Published On: August 21st, 2018 / Categories: Los Altos, public lands /

los altosThe subject of land use regulation has been a regular emphasis of this blog since its inception. Most of the time, the topics I have written about in this regard have arisen in the context of big-picture controversies involving substantial and wide-ranging California real estate interests. In this article, however, I would like to shift the focus to my own back yard—figuratively, if not literally—by examining certain events that have occurred in Los Altos, the city where I live, over the last few weeks.

From the outside, Los Altos may seem like a sleepy bedroom community, and there is some truth to that perception. Sometimes it feels to me as though the shopkeepers roll up the streets after 9 p.m., and Main Street in Los Altos is certainly nothing like North Santa Cruz Avenue in Los Gatos when it comes to night life. It’s the kind of city where a noisy AirBNB party can draw negative headlines, and ultimately result in a ban on short-term rentals, adopted earlier this year.

Still, while Los Altos has a population of only about 29,000, it is a microcosm of the scope, variety and intensity of California land use matters. For example, like many other regions around the state, the Loyola Corners neighborhood of Los Altos has long had a contentious history when it comes to change and redevelopment . Recently, however, as a result of several years of conflict and litigation, a controversial residential/commercial mixed-use development project in that area, which would replace an older, traditional commercial structure, was given tentative approval to resume moving forward through the review process. It is anticipated that the project will reflect a new design in response to community criticisms that had previously been made with regard to prior iterations of this proposal, demonstrating how these policy decisions end up being shaped by public input.

Another broad land use theme that has recently come into specific focus in Los Altos is the notion of legislating by ballot box. We have seen how these proposals have been brought forward at the state level. This fall, Los Altans will be asked to consider the self-styled “Protect Our Parks and Public Lands Initiative,” which would amend the city’s general plan to require voter approval for any proposed sale, lease, or changes in the use of certain land designated as “Parks,” “Other Open Space” or “Public and Institutional.” In response, the Los Altos City Council has directed its city attorney to draft a general plan amendment that would bar the sale of city parkland without voter approval, as a potential alternative to the proposed initiative. There has also been harsh reaction to this proposed initiative from some local citizens; one former mayor described the proposition as an “evil” effort to “kill local government” being advanced by a small group of disgruntled landowners.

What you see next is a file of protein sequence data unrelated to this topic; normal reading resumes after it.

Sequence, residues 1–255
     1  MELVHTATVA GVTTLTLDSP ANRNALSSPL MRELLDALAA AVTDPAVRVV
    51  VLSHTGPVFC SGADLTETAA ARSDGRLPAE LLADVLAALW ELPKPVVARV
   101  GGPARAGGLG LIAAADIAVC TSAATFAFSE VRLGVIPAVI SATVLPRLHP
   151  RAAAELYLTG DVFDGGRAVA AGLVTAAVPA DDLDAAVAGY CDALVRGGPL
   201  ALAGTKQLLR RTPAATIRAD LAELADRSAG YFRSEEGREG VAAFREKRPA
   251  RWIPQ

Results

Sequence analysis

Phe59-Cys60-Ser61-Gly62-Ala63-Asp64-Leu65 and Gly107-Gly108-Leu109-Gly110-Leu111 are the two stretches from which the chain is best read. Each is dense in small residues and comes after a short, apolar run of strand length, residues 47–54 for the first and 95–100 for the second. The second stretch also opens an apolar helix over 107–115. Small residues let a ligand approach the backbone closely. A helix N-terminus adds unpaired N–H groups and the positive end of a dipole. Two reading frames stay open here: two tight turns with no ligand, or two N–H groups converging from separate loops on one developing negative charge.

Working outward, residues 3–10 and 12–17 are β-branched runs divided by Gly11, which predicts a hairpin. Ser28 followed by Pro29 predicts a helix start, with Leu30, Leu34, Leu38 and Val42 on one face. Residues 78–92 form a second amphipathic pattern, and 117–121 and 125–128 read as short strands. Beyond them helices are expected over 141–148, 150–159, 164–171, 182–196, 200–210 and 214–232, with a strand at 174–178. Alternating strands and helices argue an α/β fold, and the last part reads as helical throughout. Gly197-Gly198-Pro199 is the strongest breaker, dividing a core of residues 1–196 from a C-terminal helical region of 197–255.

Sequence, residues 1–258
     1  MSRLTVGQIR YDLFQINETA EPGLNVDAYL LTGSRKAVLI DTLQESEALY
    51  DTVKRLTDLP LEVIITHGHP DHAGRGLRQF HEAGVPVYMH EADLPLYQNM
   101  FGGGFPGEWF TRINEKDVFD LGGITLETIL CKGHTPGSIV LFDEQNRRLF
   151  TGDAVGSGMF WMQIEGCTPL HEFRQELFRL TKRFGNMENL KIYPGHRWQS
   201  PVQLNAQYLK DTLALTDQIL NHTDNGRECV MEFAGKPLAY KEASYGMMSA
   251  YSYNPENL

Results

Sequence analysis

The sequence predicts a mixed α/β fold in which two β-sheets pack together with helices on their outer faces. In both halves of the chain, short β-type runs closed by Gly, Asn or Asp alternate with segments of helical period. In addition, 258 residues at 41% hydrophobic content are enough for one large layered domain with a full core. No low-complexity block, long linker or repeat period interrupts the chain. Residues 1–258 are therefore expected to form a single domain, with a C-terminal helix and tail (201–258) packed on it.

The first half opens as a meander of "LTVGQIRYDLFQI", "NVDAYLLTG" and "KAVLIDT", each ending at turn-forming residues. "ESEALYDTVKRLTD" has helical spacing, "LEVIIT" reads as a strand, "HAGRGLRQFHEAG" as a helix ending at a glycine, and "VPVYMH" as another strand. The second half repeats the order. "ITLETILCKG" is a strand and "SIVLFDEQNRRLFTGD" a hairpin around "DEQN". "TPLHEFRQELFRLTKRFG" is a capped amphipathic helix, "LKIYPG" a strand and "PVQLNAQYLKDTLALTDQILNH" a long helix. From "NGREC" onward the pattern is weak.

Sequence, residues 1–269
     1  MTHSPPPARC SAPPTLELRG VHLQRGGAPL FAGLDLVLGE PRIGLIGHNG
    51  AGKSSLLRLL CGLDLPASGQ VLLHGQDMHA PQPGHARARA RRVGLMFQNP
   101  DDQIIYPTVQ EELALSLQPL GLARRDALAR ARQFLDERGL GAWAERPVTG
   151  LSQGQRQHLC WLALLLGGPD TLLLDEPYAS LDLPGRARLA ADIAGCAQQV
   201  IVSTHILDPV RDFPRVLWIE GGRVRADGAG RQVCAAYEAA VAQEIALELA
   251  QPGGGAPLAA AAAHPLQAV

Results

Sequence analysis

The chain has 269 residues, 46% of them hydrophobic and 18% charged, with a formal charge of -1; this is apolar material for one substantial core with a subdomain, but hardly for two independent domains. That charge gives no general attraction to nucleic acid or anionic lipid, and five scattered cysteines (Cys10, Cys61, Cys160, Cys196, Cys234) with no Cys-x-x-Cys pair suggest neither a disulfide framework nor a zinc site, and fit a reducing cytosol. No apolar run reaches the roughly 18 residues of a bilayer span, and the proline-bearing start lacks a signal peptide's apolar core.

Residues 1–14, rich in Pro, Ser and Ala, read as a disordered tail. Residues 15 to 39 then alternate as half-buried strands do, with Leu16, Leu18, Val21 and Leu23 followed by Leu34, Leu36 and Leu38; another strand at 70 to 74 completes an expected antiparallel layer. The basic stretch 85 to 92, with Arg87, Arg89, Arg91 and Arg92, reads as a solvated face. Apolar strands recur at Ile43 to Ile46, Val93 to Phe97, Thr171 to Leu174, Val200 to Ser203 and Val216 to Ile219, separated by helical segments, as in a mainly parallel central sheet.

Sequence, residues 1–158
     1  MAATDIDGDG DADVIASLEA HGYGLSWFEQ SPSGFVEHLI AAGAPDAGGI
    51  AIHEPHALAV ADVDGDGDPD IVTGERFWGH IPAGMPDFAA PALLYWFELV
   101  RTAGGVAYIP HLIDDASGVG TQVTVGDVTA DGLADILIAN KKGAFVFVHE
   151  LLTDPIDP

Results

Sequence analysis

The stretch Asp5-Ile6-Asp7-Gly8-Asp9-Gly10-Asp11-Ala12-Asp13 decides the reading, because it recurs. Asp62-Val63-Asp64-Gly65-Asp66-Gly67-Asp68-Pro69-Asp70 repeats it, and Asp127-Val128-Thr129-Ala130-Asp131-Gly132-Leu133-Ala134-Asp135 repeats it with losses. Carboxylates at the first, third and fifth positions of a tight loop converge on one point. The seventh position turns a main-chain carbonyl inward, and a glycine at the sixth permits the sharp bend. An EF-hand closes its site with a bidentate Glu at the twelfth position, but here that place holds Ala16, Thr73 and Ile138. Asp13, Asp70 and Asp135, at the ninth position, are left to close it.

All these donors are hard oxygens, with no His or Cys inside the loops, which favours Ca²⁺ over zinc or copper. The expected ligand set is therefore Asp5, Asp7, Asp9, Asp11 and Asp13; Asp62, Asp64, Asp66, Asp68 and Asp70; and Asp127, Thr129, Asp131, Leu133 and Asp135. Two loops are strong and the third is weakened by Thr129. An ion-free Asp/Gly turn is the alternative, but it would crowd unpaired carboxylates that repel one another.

Finally, if you’ve been reading my blog for the last number of months, you are aware that I’ve been regularly touching on efforts in here California to address its critical shortage of housing, including the enactment of state legislation intended to make it easier to develop “accessory dwelling units” (“ADUs”), commonly known as “granny units,” by eliminating a variety of local impediments to their construction. You may also remember that I will shortly be launching a new website intended to serve as a clearinghouse for information on ADUs in Silicon Valley, in an effort to provide a valuable resource to those who might want a better understanding about the development of this type of housing. In the spirit of that venture, I would like to note that the City of Los Altos, in compliance with the state legislation mentioned above, has just now adopted ordinances that will make it easier to build ADUs in this city.

All of this activity in Los Altos, which has occurred in the span of a few short weeks, only serves to illustrate the breadth and depth of land use concerns in California. Given these sorts of events, it is of no surprise that local planning commissions have been a significant focus of political pursuits in this state, often becoming springboards for future public office among their members. This should serve as food for thought the next time you pass by our seemingly quiet little suburb.


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